As heads of local government agencies assess how they fared in the $33.6 billion state operating budget passed over the weekend, many are pleased, pointing to increased funding for Grays Harbor College and local school districts, and maintained funding for social programs.
The state House and Senate finally passed the two-year budget on Friday after six months in regular session and two overtime special sessions. Gov. Jay Inslee signed the budget into law Sunday.
Local Senator Jim Hargrove, D-Hoquiam, said he was pleasantly surprised with how the budget turned out for the county as a whole, especially with so much focus being placed on K-12 education this year in response to a lawsuit forcing the state’s hand on more school funding. Hargrove said he wanted to make sure that hospitals, crime prevention programs and state parks didn’t fall through the cracks.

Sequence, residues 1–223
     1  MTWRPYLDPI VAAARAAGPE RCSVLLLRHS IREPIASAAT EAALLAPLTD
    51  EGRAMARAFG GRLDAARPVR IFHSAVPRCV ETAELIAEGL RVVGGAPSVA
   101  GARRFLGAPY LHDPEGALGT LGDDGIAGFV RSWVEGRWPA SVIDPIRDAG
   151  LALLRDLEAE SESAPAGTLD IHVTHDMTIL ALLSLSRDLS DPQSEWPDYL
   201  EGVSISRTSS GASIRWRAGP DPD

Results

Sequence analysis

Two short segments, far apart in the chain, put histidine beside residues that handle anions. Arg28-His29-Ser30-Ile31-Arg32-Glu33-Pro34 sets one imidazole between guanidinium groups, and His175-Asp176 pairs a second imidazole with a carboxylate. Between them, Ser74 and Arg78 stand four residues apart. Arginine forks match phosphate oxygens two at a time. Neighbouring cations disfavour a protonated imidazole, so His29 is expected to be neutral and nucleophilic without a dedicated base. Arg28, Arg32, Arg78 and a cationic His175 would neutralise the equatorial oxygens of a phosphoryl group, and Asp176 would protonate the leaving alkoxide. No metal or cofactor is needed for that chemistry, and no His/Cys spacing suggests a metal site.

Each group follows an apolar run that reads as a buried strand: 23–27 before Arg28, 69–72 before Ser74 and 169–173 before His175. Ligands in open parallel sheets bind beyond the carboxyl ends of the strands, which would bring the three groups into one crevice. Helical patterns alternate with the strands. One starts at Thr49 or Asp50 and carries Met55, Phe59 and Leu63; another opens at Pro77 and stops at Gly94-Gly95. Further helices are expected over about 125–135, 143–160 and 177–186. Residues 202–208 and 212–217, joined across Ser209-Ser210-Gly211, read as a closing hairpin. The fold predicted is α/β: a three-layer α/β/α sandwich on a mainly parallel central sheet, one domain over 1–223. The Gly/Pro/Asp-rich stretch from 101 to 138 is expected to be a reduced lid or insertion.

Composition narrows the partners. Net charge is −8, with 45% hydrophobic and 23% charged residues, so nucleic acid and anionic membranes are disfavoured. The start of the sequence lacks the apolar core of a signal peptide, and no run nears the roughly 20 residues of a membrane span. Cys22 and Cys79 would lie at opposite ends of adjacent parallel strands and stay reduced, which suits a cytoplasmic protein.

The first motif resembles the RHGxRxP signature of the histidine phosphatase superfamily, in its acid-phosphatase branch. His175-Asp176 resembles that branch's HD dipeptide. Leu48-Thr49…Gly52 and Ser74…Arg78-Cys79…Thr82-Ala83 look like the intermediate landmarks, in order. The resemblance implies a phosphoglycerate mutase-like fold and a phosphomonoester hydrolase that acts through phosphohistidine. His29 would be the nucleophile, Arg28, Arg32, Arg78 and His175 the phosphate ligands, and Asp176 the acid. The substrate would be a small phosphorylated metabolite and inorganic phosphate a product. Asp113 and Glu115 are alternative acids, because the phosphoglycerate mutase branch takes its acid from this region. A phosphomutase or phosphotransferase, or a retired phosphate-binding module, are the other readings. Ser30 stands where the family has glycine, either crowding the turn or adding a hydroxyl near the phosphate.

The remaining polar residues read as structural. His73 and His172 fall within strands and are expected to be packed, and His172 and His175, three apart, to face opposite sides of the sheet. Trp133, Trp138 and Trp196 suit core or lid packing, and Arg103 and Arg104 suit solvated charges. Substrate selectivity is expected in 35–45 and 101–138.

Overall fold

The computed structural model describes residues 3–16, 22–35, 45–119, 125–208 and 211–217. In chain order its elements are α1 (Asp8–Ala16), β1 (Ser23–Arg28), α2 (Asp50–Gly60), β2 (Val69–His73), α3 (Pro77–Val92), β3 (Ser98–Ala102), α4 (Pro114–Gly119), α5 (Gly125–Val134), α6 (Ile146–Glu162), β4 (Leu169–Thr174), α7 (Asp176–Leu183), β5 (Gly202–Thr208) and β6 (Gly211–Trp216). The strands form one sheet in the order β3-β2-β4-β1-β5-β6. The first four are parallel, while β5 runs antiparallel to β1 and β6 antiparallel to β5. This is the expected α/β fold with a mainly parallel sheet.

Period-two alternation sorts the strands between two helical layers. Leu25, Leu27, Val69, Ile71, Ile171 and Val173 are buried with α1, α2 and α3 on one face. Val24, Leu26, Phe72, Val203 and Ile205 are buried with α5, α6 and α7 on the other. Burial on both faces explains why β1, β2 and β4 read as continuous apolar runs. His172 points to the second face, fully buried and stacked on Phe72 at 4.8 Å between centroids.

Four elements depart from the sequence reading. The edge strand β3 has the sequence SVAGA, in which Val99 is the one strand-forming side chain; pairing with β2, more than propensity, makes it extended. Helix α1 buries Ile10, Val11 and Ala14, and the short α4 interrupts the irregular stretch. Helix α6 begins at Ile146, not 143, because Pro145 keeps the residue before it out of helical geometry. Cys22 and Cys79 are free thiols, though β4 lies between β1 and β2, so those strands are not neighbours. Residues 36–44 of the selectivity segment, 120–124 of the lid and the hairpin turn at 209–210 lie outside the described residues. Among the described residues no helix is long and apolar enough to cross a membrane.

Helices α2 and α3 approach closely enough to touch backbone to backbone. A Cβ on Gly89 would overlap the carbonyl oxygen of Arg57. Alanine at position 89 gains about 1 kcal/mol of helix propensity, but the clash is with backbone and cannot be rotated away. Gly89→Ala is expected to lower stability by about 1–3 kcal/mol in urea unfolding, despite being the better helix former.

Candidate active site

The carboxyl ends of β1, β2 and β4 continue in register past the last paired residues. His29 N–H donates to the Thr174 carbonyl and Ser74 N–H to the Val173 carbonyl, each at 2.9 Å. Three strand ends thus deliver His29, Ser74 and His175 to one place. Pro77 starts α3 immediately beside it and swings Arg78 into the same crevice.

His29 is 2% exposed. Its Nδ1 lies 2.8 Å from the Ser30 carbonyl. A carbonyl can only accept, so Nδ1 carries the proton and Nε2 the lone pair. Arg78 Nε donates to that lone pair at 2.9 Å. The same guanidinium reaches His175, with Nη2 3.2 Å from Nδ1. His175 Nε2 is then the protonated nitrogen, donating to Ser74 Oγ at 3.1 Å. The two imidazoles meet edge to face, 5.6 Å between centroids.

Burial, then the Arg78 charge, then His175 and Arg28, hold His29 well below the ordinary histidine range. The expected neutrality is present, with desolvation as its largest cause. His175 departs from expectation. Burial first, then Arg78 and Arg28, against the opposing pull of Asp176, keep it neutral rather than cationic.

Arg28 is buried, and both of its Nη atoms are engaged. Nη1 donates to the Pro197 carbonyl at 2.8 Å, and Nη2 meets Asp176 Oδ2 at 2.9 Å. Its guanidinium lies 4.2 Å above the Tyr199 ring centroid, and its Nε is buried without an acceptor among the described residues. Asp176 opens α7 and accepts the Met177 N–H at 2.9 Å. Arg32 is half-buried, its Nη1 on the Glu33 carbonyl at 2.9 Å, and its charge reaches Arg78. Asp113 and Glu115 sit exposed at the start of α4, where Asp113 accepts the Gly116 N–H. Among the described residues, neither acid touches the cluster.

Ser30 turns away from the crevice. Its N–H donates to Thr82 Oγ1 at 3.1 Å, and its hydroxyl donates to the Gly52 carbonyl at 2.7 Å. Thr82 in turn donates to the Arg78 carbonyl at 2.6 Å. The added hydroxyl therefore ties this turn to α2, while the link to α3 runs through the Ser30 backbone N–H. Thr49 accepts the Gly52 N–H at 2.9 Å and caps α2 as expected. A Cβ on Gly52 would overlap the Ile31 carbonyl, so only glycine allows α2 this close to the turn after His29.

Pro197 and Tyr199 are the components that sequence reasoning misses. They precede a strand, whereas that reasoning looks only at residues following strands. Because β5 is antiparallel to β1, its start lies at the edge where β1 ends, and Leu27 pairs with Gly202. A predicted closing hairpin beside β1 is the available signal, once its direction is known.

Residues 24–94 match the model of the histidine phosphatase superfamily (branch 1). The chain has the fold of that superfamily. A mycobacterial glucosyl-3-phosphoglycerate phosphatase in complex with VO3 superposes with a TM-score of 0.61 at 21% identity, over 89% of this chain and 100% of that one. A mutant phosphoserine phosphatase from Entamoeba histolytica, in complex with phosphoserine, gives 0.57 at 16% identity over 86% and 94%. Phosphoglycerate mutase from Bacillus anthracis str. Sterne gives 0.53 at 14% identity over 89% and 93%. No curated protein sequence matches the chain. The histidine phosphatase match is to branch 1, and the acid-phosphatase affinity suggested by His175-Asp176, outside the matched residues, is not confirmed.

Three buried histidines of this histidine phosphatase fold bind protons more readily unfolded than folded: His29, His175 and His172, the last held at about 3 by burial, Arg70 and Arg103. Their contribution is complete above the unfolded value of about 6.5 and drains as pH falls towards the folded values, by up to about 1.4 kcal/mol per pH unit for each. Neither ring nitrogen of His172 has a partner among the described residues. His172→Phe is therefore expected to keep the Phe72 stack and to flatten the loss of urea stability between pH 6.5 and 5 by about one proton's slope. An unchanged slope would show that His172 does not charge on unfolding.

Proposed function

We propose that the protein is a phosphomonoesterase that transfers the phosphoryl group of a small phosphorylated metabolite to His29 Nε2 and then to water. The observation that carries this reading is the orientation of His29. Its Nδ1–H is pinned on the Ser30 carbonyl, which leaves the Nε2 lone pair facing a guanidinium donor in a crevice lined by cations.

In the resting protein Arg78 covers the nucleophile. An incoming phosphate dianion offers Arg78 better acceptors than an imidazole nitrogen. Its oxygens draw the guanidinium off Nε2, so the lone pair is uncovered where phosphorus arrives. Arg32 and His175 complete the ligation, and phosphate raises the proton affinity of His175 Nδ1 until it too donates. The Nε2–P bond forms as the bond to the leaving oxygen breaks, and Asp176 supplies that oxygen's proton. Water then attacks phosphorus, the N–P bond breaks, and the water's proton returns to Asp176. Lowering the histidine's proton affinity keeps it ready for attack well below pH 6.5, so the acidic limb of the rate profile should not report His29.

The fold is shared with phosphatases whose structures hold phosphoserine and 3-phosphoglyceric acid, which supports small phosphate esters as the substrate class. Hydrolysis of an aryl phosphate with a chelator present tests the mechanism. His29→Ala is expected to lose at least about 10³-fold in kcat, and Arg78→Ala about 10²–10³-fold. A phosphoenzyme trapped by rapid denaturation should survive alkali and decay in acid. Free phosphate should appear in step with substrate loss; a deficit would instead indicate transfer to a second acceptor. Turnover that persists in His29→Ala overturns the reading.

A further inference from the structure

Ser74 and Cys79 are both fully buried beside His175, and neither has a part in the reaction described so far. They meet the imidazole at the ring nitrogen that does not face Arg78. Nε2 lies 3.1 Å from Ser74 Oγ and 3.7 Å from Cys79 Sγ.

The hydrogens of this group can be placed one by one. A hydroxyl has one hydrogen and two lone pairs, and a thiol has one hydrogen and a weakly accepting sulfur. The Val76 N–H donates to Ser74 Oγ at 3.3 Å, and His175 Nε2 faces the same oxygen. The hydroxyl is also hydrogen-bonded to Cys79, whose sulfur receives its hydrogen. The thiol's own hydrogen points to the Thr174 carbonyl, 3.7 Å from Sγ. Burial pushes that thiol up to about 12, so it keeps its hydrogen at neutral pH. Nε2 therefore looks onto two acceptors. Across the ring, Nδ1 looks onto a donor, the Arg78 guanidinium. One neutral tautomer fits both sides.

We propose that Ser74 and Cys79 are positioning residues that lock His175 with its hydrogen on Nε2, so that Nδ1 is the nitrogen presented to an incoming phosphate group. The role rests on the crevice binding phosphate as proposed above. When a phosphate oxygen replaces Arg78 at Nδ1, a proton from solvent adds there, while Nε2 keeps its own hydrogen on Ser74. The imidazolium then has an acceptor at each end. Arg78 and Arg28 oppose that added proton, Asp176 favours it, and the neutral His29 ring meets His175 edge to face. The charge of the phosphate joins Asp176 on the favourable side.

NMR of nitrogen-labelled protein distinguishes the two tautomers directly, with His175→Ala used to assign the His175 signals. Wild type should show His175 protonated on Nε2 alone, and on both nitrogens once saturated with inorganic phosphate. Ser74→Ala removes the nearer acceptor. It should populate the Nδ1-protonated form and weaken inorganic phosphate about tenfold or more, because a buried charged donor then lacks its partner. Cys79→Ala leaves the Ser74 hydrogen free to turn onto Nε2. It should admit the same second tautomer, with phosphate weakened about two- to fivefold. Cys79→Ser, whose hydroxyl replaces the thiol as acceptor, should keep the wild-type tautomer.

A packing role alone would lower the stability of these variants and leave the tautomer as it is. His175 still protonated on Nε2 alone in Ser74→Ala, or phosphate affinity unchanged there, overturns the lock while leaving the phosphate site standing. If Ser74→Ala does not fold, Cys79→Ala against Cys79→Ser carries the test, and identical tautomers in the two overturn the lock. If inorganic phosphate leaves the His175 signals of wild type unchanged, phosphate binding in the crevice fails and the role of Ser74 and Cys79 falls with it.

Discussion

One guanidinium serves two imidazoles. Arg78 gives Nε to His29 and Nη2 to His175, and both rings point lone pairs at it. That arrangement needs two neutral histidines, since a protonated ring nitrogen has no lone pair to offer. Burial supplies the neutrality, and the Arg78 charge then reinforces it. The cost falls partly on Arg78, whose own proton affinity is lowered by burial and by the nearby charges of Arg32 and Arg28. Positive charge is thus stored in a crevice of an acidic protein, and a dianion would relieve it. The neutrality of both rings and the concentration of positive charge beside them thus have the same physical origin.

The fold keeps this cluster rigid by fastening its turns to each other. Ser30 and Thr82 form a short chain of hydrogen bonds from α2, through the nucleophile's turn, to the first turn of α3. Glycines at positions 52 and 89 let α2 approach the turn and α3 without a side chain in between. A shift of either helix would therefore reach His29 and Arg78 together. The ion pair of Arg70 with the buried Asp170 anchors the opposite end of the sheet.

“I’m confident that they didn’t do any real damage to the rest of the budget when fixing the education system,” Hargrove said.
A step in the right direction for K-12
The budget directed $1 billion in additional funding toward the state’s K-12 education system. The additional funding is in response to a 2012 Washington Supreme Court decision, known as the McCleary Decision, that the state was failing to adequately fund education. Lawmakers have until 2018 to fix the problem.
Tom Opstad, superintendent of the Aberdeen School District, and Mike Parker, superintendent of the Hoquiam School District, both said this year’s budget is a good start but doesn’t go far enough.
“They made a small step I think,” Parker said. “But there’s still so much more to do.”
One of the biggest successes of the budget, the superintendents said, was increased funding for kindergarten. Opstad said it will pay for all-day kindergarten at McDermoth Elementary in the upcoming school year.
The Hoquiam School District has offered all-day kindergarten for six years, but in the past it was half state-funded and half funded by levies. In the upcoming school year, the state will fully fund the program, freeing up about $300,000.
“That’s money we’ll divert back to the students with paraeducators and (by) adding technology to the classrooms,” Parker said.